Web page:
Sig

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This little book took home a silver medal in the 2015 Beverly Hills Book Club competition, Autobiography category.
 

             Sigurd Wathne was a teenage boy living in Nazi-occupied Norway. He risked his life to build crystal radio sets for his neighbors and friends so they could surreptitiously listen to Voice of America and other broadcasts not controlled by Third Reich propagandists. Eventually he became an engineer, primarily self-taught, and founded a prosperous company headquartered in Santa Barbara. This is an example of a privately-commissioned memoir, intended for Sig’s many friends and relatives. It’s now in an updated second printing, and Mr. Wathne now calls me his favorite writer, so we’re both well pleased by the results.

 

From Chapter 1

An American Son of Norway

             In retrospect, I suppose it was fortunate not to be charged with a delay of game penalty.

I was born at Pahl Hospital Los Angeles at 1:30 on the Sunday afternoon of October 3rd. Ella, my mother, I’m quite certain was present for the occasion. But my father, who was a remarkable athlete, was out on a sunny field of grass in Santa Monica on the afternoon I was born, concentrating on defending the goal in a soccer game. Soccer and ski jumping were his greatest athletic passions, and he was one of a group of Norwegian and other European immigrants who comprised the Los Angeles Athletic Club. In the summer of 1920, at the age of 22, about two years before he began his American journey by jumping ship at San Pedro with a friend, my father competed on Norway’s Olympic team, in the Games of the VII Olympiad, held in Antwerp, Brussels.

Interestingly, my father was born in Copenhagen on February 12th, 1898, a fact which surfaces in materials on Norwegian soccer posted on the internet. However, his classmates teased him relentlessly about his Danish place of birth, and he decided to conceal that piece of personal information for the rest of his life.

My father was missing a key teammate and friend that afternoon, Dr. Brix. The doctor’s absence for several minutes of crucial playing time was a direct result of needing to help bring me into this world, though he was able to report in for the latter part of the game.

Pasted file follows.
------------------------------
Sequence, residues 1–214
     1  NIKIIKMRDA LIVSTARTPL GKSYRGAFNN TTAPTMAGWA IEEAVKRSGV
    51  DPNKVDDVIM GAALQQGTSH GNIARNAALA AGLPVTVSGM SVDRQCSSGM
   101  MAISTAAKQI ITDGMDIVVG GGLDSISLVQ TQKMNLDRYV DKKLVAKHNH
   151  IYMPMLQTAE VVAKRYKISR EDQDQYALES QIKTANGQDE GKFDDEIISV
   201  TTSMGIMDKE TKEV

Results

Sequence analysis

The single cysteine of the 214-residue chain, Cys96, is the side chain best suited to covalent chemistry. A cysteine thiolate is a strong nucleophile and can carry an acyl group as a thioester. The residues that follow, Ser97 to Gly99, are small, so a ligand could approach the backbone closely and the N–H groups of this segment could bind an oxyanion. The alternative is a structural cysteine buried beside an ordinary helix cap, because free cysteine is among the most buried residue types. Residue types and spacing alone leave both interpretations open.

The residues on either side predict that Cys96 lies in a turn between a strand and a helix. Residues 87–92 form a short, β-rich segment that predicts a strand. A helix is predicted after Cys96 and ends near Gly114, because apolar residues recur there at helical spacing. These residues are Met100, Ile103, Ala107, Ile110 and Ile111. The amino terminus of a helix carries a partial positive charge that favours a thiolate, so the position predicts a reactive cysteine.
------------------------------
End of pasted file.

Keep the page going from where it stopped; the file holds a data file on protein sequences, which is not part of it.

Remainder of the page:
As my parents told me many times, Dr. Brix did his job admirably well, then hurried to the soccer field with all possible speed. As he ran past my father on his way to assuming one of the forward positions, he shouted out “You have a boy!”

In spite of my keeping a valuable teammate off the field for so long, my father willingly shared his name with me: Sigurd Wathne, with Robert added as a middle name. My name around the house was always Junior.

In contrast to my father and his adventurous ploy of jumping ship, my mother came to America in a perfectly legal manner via Ellis Island. She arrived in this country, probably around the same year my father did, in the conventional way for Norwegian immigrants of those times, as a passenger on the Stavangerfjord, a ship of the Norsk Amerika Linje that made regular runs from Oslo to New York. Her maiden name was Ella Yvarda Knutsen.

I’ve done some genealogical research, and I have records of the Wathne family in Norway that go all the way back to about 1680. Our family roots are in the southernmost part of Norway, in and around the town of Mandal, which is where my father and mother and I moved sometime around 1933. If you can imagine Norway as the profile of a right hand pointing southward, the tip of the longest finger is at Mandal, and it points across the Skagerak, the strait which lies between Sweden, Denmark and Norway, to where Denmark rises like a little thumb jutting upward from the main European landmass.

Oslo lies to the north and east of Mandal. We went there a couple of times when I was a youngster, and as I remember the trip took a day and a half and four flat tires.

Our Los Angeles home was close to Santa Monica Boulevard, around the Hancock Park section.

There was a junkyard nearby in those days, and whenever my parents needed to figure out where I had wandered off to, they knew to check there. I suppose my love of mechanical things was nurtured there, as I got behind the steering wheels of partly dismantled cars and pretended to be driving, or looked at stacks of transmissions and suspension parts and wondered what each thing did, and how they worked.

I have a photo from 1928 showing my father and Dr. Brix with all their soccer teammates on a team that represented Los Angeles against clubs from San Francisco and elsewhere. I would often come along to Santa Monica to watch their Sunday games. I’ve been told that I would run around the sidelines collecting empty Coke bottles. People would ask me what I was doing, and I would tell them I was collecting them for my father for his beer.